Following World War II, construction was undertaken
simultaneously on the Deniboota Scheme south west
of Deniliquin and on the newly approved Denimein
Scheme, to the north west.
The development of the irrigation network continued
until the last channels were completed in 1964.
The total length of the supply network is almost 3000
The primary focus of irrigation in the Southern
Riverina was pasture for sheep, beef and dairy cattle,
and winter cereals.
Intensive horticulture, viticulture, orchards and rice
growing were originally prohibited to protect markets
already being supplied by the Murrumbidgee Irrigation
Water was provided to each property’s boundary and
landholders were then responsible for the development
of their own farm channels and layout.
Horse teams were often used to make smaller supply
channels and farm channels, until tractors became
more widely available in the late 1940s.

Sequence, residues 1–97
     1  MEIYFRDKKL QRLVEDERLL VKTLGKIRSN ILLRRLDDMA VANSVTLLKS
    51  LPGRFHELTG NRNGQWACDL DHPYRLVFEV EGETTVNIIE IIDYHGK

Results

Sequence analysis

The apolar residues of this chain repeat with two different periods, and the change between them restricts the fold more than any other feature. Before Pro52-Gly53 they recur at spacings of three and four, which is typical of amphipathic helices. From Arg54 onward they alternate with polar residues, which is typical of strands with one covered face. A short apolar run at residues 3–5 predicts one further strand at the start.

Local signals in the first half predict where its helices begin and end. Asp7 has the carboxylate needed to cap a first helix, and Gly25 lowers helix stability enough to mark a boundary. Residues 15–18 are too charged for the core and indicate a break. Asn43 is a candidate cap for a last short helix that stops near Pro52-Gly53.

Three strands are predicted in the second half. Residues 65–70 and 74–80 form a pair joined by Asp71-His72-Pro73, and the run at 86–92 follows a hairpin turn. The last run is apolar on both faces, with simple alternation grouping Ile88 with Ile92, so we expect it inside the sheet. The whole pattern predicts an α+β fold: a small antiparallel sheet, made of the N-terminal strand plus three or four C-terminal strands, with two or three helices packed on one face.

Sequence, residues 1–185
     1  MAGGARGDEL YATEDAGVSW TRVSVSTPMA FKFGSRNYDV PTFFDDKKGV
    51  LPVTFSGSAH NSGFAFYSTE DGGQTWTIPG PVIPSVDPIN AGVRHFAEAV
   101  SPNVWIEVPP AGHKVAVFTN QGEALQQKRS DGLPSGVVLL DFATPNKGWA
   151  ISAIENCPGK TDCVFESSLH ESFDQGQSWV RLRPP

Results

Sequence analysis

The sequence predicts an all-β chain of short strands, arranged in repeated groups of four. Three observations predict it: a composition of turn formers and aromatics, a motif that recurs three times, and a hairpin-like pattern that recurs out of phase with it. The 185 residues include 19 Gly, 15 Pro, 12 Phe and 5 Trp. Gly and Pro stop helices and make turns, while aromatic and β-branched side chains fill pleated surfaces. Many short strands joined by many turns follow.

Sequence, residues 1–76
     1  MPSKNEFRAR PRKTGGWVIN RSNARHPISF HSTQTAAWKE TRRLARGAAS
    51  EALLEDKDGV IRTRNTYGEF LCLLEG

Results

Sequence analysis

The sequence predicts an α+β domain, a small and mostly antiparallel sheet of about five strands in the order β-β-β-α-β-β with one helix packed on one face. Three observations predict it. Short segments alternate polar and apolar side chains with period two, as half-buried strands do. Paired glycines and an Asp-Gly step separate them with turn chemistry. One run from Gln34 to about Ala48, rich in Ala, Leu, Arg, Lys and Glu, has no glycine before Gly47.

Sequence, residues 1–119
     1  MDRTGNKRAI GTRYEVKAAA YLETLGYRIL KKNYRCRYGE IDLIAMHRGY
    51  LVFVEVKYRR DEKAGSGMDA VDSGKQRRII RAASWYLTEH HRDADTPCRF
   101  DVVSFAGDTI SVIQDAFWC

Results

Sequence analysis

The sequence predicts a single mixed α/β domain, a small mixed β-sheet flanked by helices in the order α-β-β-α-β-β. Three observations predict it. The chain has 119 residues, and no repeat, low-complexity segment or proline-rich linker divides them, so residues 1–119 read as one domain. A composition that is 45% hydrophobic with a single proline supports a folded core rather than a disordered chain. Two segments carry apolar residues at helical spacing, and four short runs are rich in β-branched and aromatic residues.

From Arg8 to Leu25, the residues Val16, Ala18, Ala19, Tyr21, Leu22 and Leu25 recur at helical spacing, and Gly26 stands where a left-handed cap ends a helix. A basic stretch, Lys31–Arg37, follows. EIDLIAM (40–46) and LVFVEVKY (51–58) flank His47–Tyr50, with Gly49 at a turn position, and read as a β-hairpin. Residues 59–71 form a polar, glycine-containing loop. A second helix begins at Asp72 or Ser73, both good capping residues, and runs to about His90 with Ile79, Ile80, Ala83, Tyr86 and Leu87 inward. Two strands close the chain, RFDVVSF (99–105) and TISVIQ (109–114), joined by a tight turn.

Early irrigation was often crude and labour intensive,
relying on the natural contours of the land to direct
water. Many district graziers depended on farm workers or sharefarmers from the Murrumbidgee or Victoria
who had irrigation experience to teach them
new farming techniques
Promoting closer settlement, the
Government continued subdividing larger properties
following World War II, mostly as soldier settlement
blocks. From 1947 to the mid 1950s the NSW
Government created 30 to 40 new holdings a year.
Water was initially provided to landholders on the basis
of 10 acre feet per 100 acres of land, up to a maximum
of 200 acre feet.
Each subdivided property was given an
additional water entitlement of its own.